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Oh, yes…

The dreaded Tax Day is just around the corner…

One good piece of news this year is that you get a few extra days to file: tax returns are due April 18 this year!

It’s all due to Washington, DC having a holiday (Emancipation Day) that falls on April 15. Click here to read all about it.

There are a lot of working adults these days that are caring for their elderly parents or other relatives. This care can often seem not only overwhelming but expensive.

Another piece of good news is that in recognition of this fact, the federal tax code includes many deductions to help ease at least some of the cost burden associated with this type of care.

I want to share with you a few of the most common deductions that are available for eldercare that you might not know about.

But before we start–a quick disclaimer: I am not a tax expert! Every situation is different, and not all of these deductions may apply to your situation. Please consult your accountant or other tax professional to get the best advice on what will work for you.

Now that we got that out of the way, here are a few tax tips for those caring for a senior loved one:

  1. Dependent Care Deduction

Do you provide more than 50% of the support for your relative’s upkeep? Is their non-taxable income less than $3,950? If so, you may be able to claim them as a dependent for income tax purposes. Social Security and disability payments are non-taxable and are excluded from the income calculation. However, please be aware that pensions, interest on bank accounts, dividends, and withdrawals from retirement accounts are taxable and will count toward the dependent care income limit.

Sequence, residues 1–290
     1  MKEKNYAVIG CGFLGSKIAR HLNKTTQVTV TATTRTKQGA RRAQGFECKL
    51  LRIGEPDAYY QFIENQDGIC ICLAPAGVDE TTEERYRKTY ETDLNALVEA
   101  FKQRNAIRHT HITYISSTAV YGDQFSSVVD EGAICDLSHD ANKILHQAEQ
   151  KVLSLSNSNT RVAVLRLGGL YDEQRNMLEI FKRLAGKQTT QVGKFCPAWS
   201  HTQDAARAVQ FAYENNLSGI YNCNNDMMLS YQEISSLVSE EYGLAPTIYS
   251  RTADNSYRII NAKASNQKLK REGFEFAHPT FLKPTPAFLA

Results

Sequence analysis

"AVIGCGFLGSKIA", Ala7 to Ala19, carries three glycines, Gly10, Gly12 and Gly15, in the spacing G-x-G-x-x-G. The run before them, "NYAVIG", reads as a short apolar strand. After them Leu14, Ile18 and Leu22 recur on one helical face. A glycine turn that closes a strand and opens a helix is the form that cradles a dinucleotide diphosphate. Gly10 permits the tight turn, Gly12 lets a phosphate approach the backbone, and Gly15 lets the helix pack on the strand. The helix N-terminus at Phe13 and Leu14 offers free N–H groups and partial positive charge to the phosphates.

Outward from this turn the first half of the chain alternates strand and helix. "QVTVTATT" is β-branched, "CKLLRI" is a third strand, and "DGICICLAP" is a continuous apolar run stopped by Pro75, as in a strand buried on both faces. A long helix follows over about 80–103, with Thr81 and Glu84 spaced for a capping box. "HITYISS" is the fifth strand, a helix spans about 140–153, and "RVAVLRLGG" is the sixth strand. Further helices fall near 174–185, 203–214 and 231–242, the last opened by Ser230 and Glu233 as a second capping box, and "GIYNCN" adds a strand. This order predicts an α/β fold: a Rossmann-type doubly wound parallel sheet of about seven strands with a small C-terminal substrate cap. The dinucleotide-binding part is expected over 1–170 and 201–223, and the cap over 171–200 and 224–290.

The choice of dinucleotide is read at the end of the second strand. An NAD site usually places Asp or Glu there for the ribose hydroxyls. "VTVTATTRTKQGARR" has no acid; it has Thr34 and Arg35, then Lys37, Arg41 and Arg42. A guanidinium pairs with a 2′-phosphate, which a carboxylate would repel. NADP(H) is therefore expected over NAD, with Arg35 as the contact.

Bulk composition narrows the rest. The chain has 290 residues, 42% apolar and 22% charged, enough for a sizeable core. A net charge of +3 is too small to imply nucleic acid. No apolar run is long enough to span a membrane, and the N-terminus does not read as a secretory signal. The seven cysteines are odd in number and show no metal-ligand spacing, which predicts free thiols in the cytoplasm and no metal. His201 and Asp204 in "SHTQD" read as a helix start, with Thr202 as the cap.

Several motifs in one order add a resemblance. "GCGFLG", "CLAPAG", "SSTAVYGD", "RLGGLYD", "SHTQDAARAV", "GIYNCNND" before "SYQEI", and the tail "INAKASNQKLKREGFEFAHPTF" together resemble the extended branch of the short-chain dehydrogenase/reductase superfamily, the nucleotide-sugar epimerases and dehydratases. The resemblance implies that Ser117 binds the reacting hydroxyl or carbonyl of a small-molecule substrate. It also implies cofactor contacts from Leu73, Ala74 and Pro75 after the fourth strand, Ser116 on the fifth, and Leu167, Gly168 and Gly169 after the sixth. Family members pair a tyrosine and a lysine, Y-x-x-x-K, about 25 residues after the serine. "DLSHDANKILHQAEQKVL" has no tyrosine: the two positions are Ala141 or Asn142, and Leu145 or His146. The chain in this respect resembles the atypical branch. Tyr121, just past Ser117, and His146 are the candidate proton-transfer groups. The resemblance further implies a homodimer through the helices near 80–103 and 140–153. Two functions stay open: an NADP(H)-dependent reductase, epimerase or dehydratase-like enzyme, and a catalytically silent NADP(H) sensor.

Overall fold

1. Medical Cost Deduction

If the person you are caring for meets the standard to be claimed as a dependent and their medical expenses equal more than 10% of your adjusted gross income then you can claim a deduction for those costs as well. If they are over 65, the percentage of a medical care claim is reduced to 7.5%. Medical expenses can include the costs associated with assisted living, personal care home, or nursing home care. See IRS Form 502 for more details.

  1. Tax Deduction For Non-Relatives

If the individual you are caring for is not related to you by blood, you can still claim a deduction for them if you are caring for them as part of your household for the entire year.

  1. What Other Dependent Expenses Are Deductible?

Food, clothing, housing, medical care, transportation costs, and even modifications to your house that are required for health reasons can all be deducted. Caregivers can deduct out of pocket expenses for such items as dental care, eyeglasses, bandages, co-pays, ambulances, as well as some other long term services. Even such items as acupuncture and television or phone adapters for those suffering from visual or auditory impairments are also eligible under IRS guidelines. Make sure you keep excellent records of all these expenses in the event that you are subject to an audit. If you work but pay someone to be the caregiver for a senior, you may also be able to claim those expenses as a tax credit.

  1. What If My Siblings Share Responsibility For Eldercare?

Only one sibling can claim the individual being cared for as a dependent. Usually, it makes sense for whichever sibling has the lowest adjusted gross income to get the deduction. The better you work with your other family members, the less the burden will be for everyone involved!

I hope these ideas help you find more tax deductions you may not have thought of for this tax season. If you need help gathering the documents that you need, please give us a call–we’d love to help!

Your Senior Partners